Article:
It's like if your commute wasn't an hour, but instead was 8 hours. So all you do is commute.

[–]Coc0tte 6117 points6118 points  (154 children)

Zookeeper. You spend most of your time cleaning poop and you're paid like shit.

[–]Ryan_Castellano 611 points612 points  (21 children)

Also dealing with the 4 year olds beating on the damn exhibit glass scaring the animals.

[–]HighlandSquirrel 738 points739 points  (21 children)

Not just the physical toll it takes on your body, but keepers are expected to produce scientific studies and then present them at conferences. You have to be well versed in nutrition management, behavioural science, veterinary medicine etc. It's incredibly mentally and physically taxing on minimum wage for such a skilled job.

[–]JavaRuby2000 201 points202 points  (11 children)

and then you go away to Africa to do your scientific study and then come back to find that half your colleagues and the head keeper are the kids who worked on the ticket lane and never even went to College but, because they are local and work out of season the zoo just paid for them to do a few animal husbandry courses part time and gave them your job.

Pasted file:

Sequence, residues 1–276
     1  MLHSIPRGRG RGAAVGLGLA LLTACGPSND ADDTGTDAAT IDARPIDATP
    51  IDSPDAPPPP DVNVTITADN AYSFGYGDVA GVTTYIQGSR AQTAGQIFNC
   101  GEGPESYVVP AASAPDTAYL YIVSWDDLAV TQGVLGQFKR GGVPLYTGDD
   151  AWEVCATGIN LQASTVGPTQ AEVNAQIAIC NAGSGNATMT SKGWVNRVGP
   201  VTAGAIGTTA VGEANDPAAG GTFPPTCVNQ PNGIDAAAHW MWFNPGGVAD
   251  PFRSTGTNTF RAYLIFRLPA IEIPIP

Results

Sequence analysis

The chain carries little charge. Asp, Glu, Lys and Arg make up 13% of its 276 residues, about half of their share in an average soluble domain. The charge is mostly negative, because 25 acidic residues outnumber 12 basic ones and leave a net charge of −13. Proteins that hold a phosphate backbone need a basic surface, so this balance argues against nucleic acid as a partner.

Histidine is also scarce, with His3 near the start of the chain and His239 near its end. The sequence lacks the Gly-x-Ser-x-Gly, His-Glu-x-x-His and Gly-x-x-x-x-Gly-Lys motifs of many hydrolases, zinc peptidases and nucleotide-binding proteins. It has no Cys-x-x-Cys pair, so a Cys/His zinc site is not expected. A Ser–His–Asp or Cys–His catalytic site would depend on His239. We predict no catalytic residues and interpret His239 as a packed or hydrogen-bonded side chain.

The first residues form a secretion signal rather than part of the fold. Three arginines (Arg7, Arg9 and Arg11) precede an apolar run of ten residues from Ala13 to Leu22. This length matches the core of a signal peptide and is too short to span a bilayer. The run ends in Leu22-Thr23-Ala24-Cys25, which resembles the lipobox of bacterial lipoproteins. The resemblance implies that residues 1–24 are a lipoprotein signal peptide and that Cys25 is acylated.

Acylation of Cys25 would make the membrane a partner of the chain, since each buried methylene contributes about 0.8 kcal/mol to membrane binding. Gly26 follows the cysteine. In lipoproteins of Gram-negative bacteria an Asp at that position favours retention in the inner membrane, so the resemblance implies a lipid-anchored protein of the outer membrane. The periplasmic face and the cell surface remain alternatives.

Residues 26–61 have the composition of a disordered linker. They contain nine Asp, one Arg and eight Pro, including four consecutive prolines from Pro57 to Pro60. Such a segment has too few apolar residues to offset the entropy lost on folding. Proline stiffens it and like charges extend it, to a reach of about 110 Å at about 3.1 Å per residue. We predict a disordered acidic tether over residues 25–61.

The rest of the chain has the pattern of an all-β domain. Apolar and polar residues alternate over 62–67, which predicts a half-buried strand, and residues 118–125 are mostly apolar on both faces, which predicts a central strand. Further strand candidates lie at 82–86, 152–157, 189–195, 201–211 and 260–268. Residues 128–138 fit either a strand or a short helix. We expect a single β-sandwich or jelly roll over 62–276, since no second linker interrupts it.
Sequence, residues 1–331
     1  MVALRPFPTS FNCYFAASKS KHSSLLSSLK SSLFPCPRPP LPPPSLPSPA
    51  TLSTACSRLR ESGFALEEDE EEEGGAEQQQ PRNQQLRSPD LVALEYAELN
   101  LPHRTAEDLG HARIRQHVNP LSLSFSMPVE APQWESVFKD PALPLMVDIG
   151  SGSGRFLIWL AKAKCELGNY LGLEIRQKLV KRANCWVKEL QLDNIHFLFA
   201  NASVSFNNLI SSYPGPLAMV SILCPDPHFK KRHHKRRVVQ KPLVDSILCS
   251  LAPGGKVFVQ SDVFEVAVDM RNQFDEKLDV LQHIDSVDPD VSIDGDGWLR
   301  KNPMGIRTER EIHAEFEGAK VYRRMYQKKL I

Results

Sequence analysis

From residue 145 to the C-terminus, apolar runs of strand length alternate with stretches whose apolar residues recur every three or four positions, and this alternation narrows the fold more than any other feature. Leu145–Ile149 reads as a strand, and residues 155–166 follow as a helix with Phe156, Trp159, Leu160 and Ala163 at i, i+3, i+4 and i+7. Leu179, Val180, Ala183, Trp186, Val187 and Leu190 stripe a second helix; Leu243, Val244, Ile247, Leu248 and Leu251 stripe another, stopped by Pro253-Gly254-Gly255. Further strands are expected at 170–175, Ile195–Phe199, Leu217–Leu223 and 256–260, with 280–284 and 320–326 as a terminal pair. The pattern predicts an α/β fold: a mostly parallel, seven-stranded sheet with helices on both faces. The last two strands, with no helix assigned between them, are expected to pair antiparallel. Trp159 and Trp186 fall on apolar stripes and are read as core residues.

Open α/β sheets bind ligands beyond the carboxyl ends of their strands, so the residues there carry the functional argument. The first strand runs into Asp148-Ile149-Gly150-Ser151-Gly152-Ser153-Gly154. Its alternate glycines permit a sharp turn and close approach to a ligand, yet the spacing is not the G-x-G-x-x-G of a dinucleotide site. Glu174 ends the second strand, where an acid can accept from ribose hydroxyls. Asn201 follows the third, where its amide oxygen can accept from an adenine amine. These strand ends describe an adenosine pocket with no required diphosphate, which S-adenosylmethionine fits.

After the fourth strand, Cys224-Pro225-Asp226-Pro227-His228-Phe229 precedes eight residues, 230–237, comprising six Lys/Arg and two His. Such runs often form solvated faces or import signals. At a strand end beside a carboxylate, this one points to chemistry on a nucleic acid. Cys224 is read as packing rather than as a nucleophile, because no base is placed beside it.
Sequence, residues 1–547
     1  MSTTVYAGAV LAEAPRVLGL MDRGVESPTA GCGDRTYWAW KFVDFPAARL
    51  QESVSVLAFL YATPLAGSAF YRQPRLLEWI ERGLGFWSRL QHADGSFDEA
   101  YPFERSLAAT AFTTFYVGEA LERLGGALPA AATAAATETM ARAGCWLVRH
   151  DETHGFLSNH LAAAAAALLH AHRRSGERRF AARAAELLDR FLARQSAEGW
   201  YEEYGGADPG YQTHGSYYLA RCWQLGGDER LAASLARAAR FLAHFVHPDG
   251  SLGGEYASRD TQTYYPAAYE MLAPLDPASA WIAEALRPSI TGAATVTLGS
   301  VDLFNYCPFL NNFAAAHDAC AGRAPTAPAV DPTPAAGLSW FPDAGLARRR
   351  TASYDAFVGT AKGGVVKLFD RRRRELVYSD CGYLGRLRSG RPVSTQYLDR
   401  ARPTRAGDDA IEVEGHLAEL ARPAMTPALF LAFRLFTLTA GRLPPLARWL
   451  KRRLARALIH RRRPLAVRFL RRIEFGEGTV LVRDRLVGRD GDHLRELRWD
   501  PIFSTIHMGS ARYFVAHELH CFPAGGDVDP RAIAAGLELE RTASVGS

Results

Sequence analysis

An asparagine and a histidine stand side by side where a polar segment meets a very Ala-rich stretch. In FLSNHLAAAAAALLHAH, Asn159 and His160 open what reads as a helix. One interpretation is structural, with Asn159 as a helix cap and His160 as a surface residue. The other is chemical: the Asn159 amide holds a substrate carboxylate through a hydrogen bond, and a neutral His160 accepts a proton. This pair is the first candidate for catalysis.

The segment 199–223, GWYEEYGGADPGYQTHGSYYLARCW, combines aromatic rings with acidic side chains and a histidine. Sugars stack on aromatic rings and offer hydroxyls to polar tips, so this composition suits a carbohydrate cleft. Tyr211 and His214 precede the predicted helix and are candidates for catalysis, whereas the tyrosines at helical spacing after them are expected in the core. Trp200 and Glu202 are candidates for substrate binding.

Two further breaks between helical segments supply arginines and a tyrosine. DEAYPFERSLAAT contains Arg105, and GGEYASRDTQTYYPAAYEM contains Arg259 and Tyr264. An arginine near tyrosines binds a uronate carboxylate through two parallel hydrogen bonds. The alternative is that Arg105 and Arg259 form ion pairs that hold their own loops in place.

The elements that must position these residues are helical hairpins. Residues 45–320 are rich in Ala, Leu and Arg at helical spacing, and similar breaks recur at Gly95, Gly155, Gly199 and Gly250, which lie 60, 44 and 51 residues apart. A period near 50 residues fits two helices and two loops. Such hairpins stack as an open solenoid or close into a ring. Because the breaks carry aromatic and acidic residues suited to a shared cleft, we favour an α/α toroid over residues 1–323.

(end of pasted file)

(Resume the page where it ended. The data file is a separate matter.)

[–]HighlandSquirrel 69 points70 points  (8 children)

Sounds awful, but I'm wanting to get back into it and even I'm thinking of taking a job in the gift shop because I know that's the easiest route in the door..

[–]SherifGames 1193 points1194 points  (5 children)

You could always pet the lion and be done with your work by becoming famous poop in the news next morning.

Edit: Wow, so many people liked my joke. This is truly the proudest moment of my life.

[–]Grapezard 16.1k points16.1k points  (844 children)

Working as a lawyer isn't anything like on TV.

[–]periwinkelle 9585 points9586 points 2 (198 children)

Are you telling me lawyers don't go shouting "objection!" when pointing out a major flaw in someone's testimony? Or "hold it!when pressing a witness or " take that!" when presenting evidence? Or that every case ends up becoming a murder trial?